Time Out Melbourne

Six of Melbourne's up and coming chefs are putting their best dishes at the mercy of our Time Out Taste Testers

The young guns of Melbourne's kitchens spend their days debearding mussels, and turning vegetables. But here at Time Out, we know that they've got a whole lot more talent stuffed in their aprons.

So, this June, we're letting them flex their biceps at a one-off dinner at Stokehouse Café that will see one young chef named Melbourne's best apprentice, by you, the diners.

Over 40 applicants answered our call, and after some serious whittling, we came down to the final six. Melbourne, meet the apprentices who could, can and will rock your world on June 18.

Want to be one of the diners who decides their fate? Tickets are on sale now and selling fast. Get all the details here.

Myles Stack - The European

What the key to a great dish?
For me, to make a good dish is not necessary to have dozens or expensive ingredients, but rather, to thoughtfully combine a few ingredients to complement each other. I prefer simple food presentation over crowded mayhem.

Who are your chef influences?
Living in Melbourne, I'm lucky to be surrounded and work with many great chefs. I have most recently been inspired through dinning at Attica, Royal Mail, Mo Vida, Cutler and Co. Also working closely with Ian Curley (the European) has opened my perspective and helped me grow as a chef.

Tell us about your dish.
Each dish that I create I want the customer to easily relate to the flavour of the ingredient without confusion. I'll be cooking pan-fried baby snapper fillets, with eggplant caviar, squid ink tarama, cuttlefish fricassee.

Naomi McGovern - Pei Modern

What drives you in the kitchen?
There's a quote from Great Chefs of France that goes: "The chefs who live through such a day are not slaves nor are they driven by financial greed. They are artists dedicated to the pursuit of excellence." This is my ambition.

Did you always want to be in the kitchen?
I come from a front of house background, having had the pleasure of working in Il Bacaro, Sarti, Gills Diner and Trunk. Although this makes me older coming into the kitchen, it has exposed me to many of the elements and given me a greater knowledge of restaurant operations. As an apprentice I began working in Supermaxi. I want to master all the elements of the kicthen before working overseas.

What will you be cooking?
A salad of pork belly with smoke oyster tofu. Sous vide pork belly, seared. Served with fried inside out tofu stuffed with an oyster. Accompanied with chrysanthemum and daikon ribbons, in a simple lime, garlic and white soy dressing.

Sidney Tor - Stokehouse

What do you like to cook?
Anything to do with duck. I find the meat very flavoursome and it is very versatile, with not too much wastage.Some of my favourite dishes to cook are: roasted whole duck, duck leg curry and a pan seared duck breast fillet served with a salad.

Who are your influences?
Oliver Gould (Stokehouse), Ben Shewry (Attica), Andrew McConnell (Cutler and Co) and Neil Perry (Rockpool) are just some of the local chefs I look up to because they all use local produce and the best produce available.

What's your competition dish?
My dish is an entrée which is half a duck breast, tea smoked, and served with a chilli caramel, pickled heirloom radishes and watercress. I chose this dish because I think there are very strong flavours which all seem to work well together.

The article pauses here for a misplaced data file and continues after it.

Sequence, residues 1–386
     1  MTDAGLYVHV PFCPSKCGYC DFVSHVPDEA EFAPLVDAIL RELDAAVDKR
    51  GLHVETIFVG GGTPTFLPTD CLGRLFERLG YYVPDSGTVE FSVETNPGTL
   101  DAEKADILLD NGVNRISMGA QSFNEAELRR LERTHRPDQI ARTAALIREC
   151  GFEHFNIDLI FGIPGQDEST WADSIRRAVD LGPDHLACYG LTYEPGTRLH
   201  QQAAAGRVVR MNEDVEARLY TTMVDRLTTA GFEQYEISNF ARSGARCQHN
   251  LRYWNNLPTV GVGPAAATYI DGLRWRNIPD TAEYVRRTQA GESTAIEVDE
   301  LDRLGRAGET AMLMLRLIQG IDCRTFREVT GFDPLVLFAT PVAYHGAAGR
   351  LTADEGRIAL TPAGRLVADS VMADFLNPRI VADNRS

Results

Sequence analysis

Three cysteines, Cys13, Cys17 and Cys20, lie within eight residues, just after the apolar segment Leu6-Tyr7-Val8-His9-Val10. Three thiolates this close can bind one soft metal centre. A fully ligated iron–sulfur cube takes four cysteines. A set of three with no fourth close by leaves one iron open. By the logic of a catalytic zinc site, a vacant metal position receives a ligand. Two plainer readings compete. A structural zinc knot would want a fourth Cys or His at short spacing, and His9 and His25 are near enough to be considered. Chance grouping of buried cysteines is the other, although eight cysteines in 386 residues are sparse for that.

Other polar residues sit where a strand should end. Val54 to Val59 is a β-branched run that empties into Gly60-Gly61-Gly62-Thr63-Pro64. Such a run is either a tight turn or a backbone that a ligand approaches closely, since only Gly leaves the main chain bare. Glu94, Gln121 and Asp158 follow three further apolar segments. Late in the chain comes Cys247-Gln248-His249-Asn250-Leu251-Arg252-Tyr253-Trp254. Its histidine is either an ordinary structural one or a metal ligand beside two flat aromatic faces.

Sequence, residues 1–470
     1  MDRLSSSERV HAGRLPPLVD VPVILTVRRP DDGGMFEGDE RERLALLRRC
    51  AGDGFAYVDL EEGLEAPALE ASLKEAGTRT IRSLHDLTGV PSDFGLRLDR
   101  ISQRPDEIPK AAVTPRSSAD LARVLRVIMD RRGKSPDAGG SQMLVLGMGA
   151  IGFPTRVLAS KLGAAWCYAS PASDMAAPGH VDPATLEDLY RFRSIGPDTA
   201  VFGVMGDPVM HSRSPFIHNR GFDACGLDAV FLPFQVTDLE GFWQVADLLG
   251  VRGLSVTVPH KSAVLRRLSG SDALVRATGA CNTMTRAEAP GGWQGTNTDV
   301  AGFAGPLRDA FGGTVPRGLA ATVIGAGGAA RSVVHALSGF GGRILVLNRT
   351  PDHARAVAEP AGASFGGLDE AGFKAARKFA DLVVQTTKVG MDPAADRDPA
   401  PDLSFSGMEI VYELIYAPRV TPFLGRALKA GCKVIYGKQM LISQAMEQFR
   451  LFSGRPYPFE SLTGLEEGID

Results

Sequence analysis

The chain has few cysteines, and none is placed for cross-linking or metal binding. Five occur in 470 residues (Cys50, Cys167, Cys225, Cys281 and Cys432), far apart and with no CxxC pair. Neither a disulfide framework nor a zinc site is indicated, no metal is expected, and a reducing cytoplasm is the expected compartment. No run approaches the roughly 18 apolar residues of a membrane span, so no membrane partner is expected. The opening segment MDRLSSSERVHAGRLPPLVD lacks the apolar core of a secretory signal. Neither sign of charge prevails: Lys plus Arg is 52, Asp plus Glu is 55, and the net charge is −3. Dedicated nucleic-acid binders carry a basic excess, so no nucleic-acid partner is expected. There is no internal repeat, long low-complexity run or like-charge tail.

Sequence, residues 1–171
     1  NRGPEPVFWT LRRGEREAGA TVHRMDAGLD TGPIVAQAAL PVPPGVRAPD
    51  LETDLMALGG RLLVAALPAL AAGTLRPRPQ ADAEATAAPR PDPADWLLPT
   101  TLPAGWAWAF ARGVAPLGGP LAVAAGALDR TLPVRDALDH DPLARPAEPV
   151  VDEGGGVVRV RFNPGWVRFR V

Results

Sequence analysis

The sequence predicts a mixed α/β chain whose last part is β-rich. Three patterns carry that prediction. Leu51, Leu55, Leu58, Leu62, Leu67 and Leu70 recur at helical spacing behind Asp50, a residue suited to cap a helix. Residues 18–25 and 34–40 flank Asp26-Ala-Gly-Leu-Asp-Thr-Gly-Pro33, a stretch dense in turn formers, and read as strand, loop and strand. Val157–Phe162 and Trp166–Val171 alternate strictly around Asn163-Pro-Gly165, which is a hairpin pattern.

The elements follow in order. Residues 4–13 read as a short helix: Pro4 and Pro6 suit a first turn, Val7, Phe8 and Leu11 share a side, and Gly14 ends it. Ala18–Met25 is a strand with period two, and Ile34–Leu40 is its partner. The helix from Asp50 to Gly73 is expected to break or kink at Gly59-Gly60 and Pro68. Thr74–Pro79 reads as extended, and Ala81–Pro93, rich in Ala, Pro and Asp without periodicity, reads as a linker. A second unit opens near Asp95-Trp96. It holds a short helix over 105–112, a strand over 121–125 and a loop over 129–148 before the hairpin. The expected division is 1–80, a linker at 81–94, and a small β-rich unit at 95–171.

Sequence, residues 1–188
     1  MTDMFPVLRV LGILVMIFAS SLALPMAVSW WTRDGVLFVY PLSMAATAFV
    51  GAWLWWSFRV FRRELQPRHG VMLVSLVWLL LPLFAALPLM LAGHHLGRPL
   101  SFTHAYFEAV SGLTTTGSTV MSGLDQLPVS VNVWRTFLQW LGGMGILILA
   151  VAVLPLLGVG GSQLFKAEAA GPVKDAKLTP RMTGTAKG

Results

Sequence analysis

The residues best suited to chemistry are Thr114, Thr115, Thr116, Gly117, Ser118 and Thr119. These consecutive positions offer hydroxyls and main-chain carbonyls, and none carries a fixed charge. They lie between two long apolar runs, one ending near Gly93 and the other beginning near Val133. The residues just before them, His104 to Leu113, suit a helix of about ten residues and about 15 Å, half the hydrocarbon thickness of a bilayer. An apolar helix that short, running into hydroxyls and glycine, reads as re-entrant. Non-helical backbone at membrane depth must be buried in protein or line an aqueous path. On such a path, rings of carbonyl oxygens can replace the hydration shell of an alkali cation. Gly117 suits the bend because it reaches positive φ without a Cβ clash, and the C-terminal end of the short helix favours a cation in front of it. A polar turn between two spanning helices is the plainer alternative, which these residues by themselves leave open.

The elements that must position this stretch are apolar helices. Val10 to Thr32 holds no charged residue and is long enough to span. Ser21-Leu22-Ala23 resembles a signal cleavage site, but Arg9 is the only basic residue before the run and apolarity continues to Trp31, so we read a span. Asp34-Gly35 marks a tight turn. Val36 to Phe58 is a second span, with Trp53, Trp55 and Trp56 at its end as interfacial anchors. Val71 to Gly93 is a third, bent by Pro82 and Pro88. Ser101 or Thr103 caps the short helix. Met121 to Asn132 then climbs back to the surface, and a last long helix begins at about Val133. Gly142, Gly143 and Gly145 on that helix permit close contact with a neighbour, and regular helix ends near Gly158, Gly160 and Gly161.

Alex Kavanaugh - Trocadero

Why do you cook?
Working in kitchens is a real joy for me especially making staff meals and cooking for friends, I think it’s a great felling when you know that people are enjoying your food.

Top influences?
I have been very lucky gaining experience working at the Stokehouse and Taxi dining room and currently working at Trocadero. I enjoy cooking all different cuisines such as working at taxi with an Asian influenced menu.

What dish will you be making?
I'm cooking salmon tortellini, with pan roasted prawns, pea and ham puree, crispy pancetta and petty herb salad.

Michael Frenkiel - Coda Restaurant

Did you always want to be a chef?
Prior to my current occupation I was not really involved in hospitality, but rather was training to become a paramedic; as events panned out and my heart’s passion wavered I decided to become a chef, and one year on I haven’t looked back!

Where would you like to work in the future?
There are several restaurants around the globe where I would love to work; Perse in New York, El Cellar in Spain and Franklins in Houston, Texas to name a few.

What are you cooking for us?
Deconstructed pork sandwich. A take on the classic American pulled pork sandwich with an Asian influence. Sesame coated pork belly sitting upon a North Carolina barbecue sauce with toasted panko breadcrumbs with pickled cabbage slaw.

Mia Boland - Pei Modern

How did you end up at Pei Modern?
Growing up in a country town and living on over an acre of sustainable land, I’ve learnt respect for the produce and the farmers who grow it. Taking a career in cooking seemed to be the next step after my school years. Moving to Melbourne I started at the Sofitel academy where I learnt the basics of cooking. After building a rapport with my local cheese man, I was offered the opportunity to work at Pei Modern.

With produce as your primary focus, what other restaurants do you admire?
Places like Petersham Nurseries, Loam, Eleven Madison Park and Tartine bakery.

What are you cooking in the competition?
My dish is titled: apple, buttermilk and strawberry gum. It's a buttermilk sorbet with cider apples, strawberry gum meringue, marshmallows and a white chocolate and yoghurt ganache.

Updated on 6 Mar 2014.

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